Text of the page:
Veronica Clarke: ‘The divide is undeniable. But we can close it.’
March 5, 2021
Veronica Clarke is Chief Executive Officer of TCA Health, a federally qualified health center on Chicago’s Far South Side. Through the Community Voices series, the University of Chicago Medicine examines health-related challenges faced by communities served by the South Side-based academic health system through interviews featuring a variety of perspectives.
Community Voices interview with Veronica Clarke, Chief Executive Officer of TCA Health, a federally qualified health center on Chicago’s Far South Side
Many people aren’t familiar with federally qualified health centers. What are they and what do they do?
Federally qualified health centers, or FQHCs, are funded by the Health Resources and Services Administration. They are the primary federal agency charged with improving access to healthcare for people who are medically underserved. We are also known as community health centers. FQHCs like TCA Health are vital because we provide comprehensive primary and preventive healthcare, dental and behavioral health services. We also have case management, care coordination, and offer a long list of support services.
FQHCs are in areas of high need and we see everyone regardless of their insurance status and their ability to pay. In Illinois alone, there are 45 FQHCs with over 300 locations, serving more than 1.3 million patients.
TCA Health has three community-based primary care locations and a mobile medical van. Two are in Chicago’s Riverdale community and one is in Chatham. Our health centers are in some of Chicago’s largest food and transportation deserts. One of our communities, Riverdale, also has extensive air and soil pollution.
What are the biggest challenges that you face as a healthcare provider?
We strive to meet many of the basic needs of our patients and community members. What comes to mind is psychologist Abraham Maslow’s idea of hierarchy of needs. Our basic human needs are for air, food, water, safety, and so on, and the people we serve struggle to have those basic needs met.
When basic needs are not met, they often lead to health disparities and what we call social determinants of health. So we need to focus on the basic life challenges, like poverty, educational attainment, employment, and housing so patients can take care of their health. When one of our doctors walks into an examination room and asks the patient, ‘What’s your primary concern today?’, it’s a list of seven to 10 different issues, not just one.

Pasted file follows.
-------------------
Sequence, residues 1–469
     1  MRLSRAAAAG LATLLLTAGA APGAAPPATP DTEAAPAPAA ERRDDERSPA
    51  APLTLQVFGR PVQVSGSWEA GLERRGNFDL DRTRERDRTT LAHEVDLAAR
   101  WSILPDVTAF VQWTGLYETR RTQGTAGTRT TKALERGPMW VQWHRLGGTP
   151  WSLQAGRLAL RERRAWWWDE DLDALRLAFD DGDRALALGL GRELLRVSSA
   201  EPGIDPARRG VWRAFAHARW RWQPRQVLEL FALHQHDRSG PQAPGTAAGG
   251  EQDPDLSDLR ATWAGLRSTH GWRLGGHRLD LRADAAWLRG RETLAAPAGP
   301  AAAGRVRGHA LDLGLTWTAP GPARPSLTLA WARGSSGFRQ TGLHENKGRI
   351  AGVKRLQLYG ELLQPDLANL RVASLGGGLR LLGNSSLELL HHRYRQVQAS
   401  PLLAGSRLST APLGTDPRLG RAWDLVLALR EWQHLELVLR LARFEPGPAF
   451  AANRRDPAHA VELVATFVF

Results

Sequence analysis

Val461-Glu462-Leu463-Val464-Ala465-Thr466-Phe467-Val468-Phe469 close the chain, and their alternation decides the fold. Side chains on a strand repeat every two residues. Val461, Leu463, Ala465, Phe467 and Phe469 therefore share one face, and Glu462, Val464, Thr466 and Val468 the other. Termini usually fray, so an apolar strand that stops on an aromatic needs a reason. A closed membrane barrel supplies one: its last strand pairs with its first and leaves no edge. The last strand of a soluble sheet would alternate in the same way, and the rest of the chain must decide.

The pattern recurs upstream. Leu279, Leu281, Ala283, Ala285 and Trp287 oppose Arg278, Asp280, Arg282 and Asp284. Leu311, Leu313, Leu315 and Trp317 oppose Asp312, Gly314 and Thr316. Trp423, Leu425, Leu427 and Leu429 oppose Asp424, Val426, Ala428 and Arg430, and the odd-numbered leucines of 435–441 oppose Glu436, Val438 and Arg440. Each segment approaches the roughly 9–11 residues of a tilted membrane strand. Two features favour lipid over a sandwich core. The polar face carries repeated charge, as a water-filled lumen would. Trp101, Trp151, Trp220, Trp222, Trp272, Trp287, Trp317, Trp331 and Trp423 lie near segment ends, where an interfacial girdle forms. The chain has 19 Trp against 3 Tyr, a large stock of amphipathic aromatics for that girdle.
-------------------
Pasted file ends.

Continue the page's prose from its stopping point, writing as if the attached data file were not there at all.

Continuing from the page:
Other challenges include lack of grocery stores and transportation. In Riverdale, there are absolutely no grocery stores within four miles of our health center. Zero. Also, there’s no direct transportation to food. Residents have to take multiple buses to get to a store. Imagine a mom living here with three children. If she doesn’t own a car, she has to ask someone for a ride or take public transportation, which is limited here. So, TCA works with community partners, including local farmers, to bring food into the community.
Now COVID-19 is in the picture.
TCA Health’s communities have been hard-hit by COVID deaths. Now more than ever, we rely on partnerships and funding opportunities to further serve our communities.
FQHCs have banded together to provide an even more robust care model that now includes telehealth and COVID-19-related services including vaccine administration.
TCA offers free COVID testing at our health centers, too. We use our mobile health van to provide testing through our partner network of churches, community-based organizations, food pantries and local businesses.
How do community disadvantages translate into poor health?
It goes back to what I said about social determinants of health. Health is not the No. 1 priority for people who don’t have food or a job or feel safe. This means they are sicker by the time they seek care because they do not lead healthy lifestyles or get preventive services. For example, we see a large number of patients who suffer from obesity because it is easier for them to find junk food than something healthy and nutritious. And obesity frequently leads to diabetes. Many also have depression and anxiety due to the psychological stress they live with.